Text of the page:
SCORE Small Business Blog

Writing a Business Plan is Like Eating Broccoli
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Writing a business plan is like eating broccoli. I used to make faces and say that it’s not for me.  When business owners seek funding to start or grow their business, lenders first ask for a business plan. Their main focus is to review the Executive Summary and Financial Projections in the business plan. So start crunching those numbers and finish up your broccoli because later you will be glad you did.

But then why is it that bankers, financial institutions, Venture Capitalists and Angel Investors all want to see a written business plan? Not only that even potential partners and major suppliers request for a copy of the business plan prior to signing any major agreements. Why is the business plan so important?

Business plan consists of topics that help potential investors, banks and other parties of interest determine the feasibility and success rate of their return of investment. So lets break down the ingredients in broccoli to understand what makes it so important.

Note that the topics and items I have written below are explained very briefly. I strongly recommend owners use free business planning templates offered by SCORE, purchase business planning software or sign up with a qualified business planning website portal to prepare a business plan. A good business plan product describes each item listed below and more in greater details.

1. Executive Summary:
This section in the business plan is more like a compressed version of your complete business plan. It gives a quick glance of each section of your business plan and helps the party of interest to understand your objectives such as need of finances, partnership, affiliation or other interest. Its important to keep this section concise, clear and to the point with adequate content. Define business opportunity, description of products/services, current business status, financial potential and description of your request.

2. Company Background
Write description of your company or business, how it came to be, where it is today and where do you see it heading. Share how you came up with the idea, your vision to form, grow and success you foresee based on your vision, knowledge and experience. Include business description, company history, current business position, objectives and ownership.

3. Products
Specify description of your products so that the party of interest can clearly understand what you will deliver in a simple and easy to understand description. Include competitive analysis, research and development, suppliers and inventory.

4. Services
Specify description of services with clear detail. Include service descriptions, competitive comparison, service delivery, research and development.

5. Industry, Competition and Market
Specify the industry, competition and your business niche, and why you feel that your products or services can attract customers. Include industry definition, primary competitors, market size, market growth and customer profile.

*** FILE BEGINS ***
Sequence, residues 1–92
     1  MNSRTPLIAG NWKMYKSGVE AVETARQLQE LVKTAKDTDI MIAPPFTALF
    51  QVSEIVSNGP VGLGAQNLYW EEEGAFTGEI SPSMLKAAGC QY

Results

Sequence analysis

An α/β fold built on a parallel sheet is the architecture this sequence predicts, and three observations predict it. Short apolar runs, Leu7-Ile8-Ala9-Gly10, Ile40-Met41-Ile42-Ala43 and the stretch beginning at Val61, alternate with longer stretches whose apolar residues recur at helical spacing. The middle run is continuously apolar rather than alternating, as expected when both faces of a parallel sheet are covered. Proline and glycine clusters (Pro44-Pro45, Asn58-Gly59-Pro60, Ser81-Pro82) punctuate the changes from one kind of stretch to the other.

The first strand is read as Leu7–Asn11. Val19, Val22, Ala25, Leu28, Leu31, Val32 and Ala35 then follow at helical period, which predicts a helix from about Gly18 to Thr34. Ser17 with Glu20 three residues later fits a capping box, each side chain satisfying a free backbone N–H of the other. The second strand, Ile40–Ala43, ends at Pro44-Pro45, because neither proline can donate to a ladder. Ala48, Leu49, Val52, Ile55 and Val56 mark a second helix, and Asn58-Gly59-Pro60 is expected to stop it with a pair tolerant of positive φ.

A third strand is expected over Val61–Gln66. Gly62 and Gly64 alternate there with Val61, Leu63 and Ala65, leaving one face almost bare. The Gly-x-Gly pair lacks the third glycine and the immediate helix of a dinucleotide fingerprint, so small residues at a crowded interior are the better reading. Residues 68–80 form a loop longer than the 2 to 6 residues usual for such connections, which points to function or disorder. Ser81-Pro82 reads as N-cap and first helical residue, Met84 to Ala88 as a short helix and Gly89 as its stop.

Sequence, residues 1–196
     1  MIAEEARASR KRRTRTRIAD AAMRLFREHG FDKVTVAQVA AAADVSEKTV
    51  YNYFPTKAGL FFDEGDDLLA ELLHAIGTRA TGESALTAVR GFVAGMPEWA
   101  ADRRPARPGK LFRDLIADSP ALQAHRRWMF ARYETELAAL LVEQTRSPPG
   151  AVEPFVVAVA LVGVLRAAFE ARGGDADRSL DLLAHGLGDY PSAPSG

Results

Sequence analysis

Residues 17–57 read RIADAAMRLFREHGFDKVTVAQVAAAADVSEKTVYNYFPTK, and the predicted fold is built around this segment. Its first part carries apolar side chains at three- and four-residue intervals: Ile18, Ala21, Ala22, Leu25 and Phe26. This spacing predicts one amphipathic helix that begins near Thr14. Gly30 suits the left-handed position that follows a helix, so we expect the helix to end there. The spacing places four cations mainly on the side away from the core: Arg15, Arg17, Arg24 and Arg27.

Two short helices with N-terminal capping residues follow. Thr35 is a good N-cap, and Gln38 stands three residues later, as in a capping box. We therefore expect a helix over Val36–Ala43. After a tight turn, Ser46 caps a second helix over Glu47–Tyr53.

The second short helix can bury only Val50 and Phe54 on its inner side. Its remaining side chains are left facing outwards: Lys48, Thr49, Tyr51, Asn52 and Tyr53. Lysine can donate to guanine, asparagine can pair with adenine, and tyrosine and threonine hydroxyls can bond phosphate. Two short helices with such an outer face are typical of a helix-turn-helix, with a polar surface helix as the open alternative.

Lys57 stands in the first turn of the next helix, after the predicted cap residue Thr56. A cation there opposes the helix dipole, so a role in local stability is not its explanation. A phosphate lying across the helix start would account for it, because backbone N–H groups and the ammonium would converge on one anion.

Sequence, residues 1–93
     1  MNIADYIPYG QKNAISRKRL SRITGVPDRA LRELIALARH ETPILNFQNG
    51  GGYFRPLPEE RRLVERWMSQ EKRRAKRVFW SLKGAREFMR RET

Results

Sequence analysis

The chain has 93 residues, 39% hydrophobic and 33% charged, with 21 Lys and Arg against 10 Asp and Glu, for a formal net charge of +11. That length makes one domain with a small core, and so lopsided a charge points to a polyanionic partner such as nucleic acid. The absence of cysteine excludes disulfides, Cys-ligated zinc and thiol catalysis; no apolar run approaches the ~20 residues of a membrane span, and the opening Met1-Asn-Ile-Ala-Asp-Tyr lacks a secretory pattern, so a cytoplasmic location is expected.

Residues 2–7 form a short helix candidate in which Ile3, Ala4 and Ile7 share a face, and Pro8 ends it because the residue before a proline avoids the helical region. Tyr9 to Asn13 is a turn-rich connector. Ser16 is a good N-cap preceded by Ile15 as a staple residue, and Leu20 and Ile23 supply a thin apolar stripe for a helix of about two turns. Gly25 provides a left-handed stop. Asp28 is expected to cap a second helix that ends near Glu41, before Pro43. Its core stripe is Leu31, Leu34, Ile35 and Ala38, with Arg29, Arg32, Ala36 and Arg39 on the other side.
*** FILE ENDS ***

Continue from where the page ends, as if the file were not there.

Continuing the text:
6. Marketing Plan
This is one of the most challenging part of operating a business. Selling is hard to do and this helps you understand, assess and plan to connect with your target market. It also helps you implement your marketing strategy. Describe Management, Organization and Ownership Including management/principals, board, organizational structure and professional consultants.

7. Goals and Strategies
Specify long term goals, highlights and strategies you will apply to achieve those goals. Include business goals, future plans and key to success.

8. Financial Assumptions and Projections
This section contains a long list of items and this is the first section that most investors, banks and financial institutions review after reading the executive summary. Include items such as income, operating expenses, taxes, assets, liabilities, equity, payment terms, debts, line of credit, balance sheet, profit and loss, cash plan and more.

Every business plan consists of the topics that you as a business owner might feel does not apply to your business. You will not know until you start executing each item. Every step of the way you will realize the importance of each topic. Every execution will help you prepare for the next topic.

The beginning of a marathon is always a psychological battle and you ask yourself, “Am I going to be able to finish it? This seems too much for me.”  As you continue running, you gradually cover more miles and start to feel better. It might feel challenging at times but the mind reenergizes when you realize how far you have gone and that you are getting closer to your destination. Then you complete the run.

Your business plan is your roadmap that, after every step of execution, will take you one step closer to validating and enhancing your vision. The thought of having your own business is one of the greatest compliments to the mind only if the idea is incubated and nourished carefully with research and planning, because proper incubation is the true “first step” toward success.

Raj TumberBusiness Mentor, SCORE Las Vegas
Raj specializes in strategic business development and is currently authoring a book on the topic of strategic development. Other areas of expertise include technical administration, consumer electronics, investigations and analytical science.
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